My parents were nightclub owners in Mexico so I grew up around salsa bands, transvestite shows, drunk artists and disco lights. After getting my degree in chemistry I worked for a few months in a corporate lab but I started hanging out with artists and musicians and we would do performance art first in a radio program and then in museums and festivals. I guess I went back to what was familiar. I am still very inspired by contemporary science, though, which I think is often way more bizarre than anything happening in art.
Many, but certainly not all, of my pieces are about self-representation. The public makes recordings which then become the content of the work itself. They "leave behind" their fingerprint, voice, heart-beat, breath or any other measure of their presence. In that sense the projects are public portraits. But I make no claims about community-building. On the contrary, I enjoy the differences and tensions that get underlined with this type of public agency.
Yes and this is very important: the work by definition needs to be out of my control. The most successful pieces always have an outcome that I did not anticipate. People tend to "personalise" the experience and thus the work is always in a state of "becoming" something, not being something predetermined.
Open Air was a complex work technologically but the basis of it, — visualising free-speech at a time where public liberties are very much curtailed — is a straight-forward aesthetic and political agenda. The project allowed anyone in Philadelphia to control 24 bright searchlights over the Benjamin Franklin Parkway by sending voice messages using a free phone app or an internet connection (free loaner smartphones were given to anyone who did not have his or her own). The lights' brightness, movement and position was controlled by live analysis of people's voices, their frequency, volume, intonation and so on. Tens of thousands of participants contributed to the project with everything from political messages, to poetry, yodeling, shout-outs and marriage proposals. This is all archived at www.openairphilly.net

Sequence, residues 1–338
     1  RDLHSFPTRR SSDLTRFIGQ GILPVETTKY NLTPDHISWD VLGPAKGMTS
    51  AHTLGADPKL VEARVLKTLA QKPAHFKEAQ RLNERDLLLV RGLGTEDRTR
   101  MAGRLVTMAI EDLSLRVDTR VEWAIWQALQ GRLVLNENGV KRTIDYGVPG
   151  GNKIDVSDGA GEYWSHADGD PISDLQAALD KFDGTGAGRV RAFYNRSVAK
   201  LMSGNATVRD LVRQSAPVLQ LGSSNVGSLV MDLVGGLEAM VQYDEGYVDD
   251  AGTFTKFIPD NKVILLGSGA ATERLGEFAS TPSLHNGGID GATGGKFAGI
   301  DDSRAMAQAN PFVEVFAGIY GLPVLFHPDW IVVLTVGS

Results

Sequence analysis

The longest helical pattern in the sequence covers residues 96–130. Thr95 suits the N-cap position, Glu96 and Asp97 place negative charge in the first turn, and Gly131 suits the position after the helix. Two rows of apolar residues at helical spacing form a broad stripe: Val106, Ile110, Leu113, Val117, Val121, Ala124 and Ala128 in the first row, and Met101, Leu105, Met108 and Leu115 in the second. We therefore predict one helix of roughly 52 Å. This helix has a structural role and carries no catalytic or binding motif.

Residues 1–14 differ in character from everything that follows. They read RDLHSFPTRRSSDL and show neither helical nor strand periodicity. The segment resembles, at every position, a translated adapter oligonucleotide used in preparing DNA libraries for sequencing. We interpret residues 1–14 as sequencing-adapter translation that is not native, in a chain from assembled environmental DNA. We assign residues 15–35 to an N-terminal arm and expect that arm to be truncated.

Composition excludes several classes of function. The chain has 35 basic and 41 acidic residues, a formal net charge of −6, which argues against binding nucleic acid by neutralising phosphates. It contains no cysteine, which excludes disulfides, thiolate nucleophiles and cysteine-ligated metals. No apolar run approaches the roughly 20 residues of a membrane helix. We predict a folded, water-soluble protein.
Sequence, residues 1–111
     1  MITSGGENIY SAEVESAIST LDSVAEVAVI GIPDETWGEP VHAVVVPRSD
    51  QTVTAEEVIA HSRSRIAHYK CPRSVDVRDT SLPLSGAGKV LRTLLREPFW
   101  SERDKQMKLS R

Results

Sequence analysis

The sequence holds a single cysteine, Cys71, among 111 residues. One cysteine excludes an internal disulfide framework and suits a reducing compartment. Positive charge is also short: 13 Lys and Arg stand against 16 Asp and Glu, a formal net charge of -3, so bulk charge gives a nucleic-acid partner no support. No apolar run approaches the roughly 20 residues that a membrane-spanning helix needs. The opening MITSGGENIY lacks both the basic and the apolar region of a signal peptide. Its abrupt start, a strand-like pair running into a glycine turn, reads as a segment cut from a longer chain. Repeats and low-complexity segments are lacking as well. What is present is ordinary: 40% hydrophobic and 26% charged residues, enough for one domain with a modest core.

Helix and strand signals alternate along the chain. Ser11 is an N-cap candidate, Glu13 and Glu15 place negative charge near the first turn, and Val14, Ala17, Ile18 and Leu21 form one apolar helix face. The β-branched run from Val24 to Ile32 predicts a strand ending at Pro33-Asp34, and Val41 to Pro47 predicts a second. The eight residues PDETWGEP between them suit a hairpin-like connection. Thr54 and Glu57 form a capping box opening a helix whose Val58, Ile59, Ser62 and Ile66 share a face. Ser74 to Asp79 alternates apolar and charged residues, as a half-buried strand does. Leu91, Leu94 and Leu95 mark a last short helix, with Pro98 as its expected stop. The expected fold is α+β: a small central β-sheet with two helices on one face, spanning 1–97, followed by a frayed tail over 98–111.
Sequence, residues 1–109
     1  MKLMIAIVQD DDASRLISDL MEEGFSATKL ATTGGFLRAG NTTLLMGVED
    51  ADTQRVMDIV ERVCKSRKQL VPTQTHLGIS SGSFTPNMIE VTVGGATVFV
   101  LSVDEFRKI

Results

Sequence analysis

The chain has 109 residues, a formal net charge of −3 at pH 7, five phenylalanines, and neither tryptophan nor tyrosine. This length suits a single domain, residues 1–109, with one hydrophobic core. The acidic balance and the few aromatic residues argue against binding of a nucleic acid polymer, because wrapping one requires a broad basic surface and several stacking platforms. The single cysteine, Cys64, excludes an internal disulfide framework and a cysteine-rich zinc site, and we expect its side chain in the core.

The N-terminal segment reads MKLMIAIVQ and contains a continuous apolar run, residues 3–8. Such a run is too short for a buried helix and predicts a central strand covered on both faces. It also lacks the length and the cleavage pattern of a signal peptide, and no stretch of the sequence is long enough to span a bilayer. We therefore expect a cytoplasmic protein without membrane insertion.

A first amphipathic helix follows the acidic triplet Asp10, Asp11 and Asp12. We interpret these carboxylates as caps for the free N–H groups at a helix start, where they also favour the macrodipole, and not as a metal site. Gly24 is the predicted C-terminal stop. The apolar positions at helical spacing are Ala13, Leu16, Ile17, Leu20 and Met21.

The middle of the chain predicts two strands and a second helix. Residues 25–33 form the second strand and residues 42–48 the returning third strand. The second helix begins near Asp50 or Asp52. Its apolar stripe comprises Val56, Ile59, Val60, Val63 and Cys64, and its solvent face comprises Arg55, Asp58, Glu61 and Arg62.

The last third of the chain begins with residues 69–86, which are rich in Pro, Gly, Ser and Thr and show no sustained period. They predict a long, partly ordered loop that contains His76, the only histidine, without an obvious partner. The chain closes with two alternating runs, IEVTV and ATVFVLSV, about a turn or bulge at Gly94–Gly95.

Yes, at the studio we are trying to burn things with unimaginable computerised precision.
Agnes Martin, Chuck D, Luis Buñuel, and a long etcetera.
I would love to work on the border of the United States and Mexico. Many friends of mine have made important pieces for that context in the past 30 years and I have not had a chance yet. I have several ideas I would like to explore.
The two biggest things are an interactive work for the Park Avenue Tunnel in New York City featuring 360 spotlights and 180 loudspeakers and a solo exhibition at Borusan Contemporary in Istanbul which will run concurrently with the Istanbul Biennale in September and October.
Rafael Lozano-Hemmer is represented by OMR Gallery, Mexico City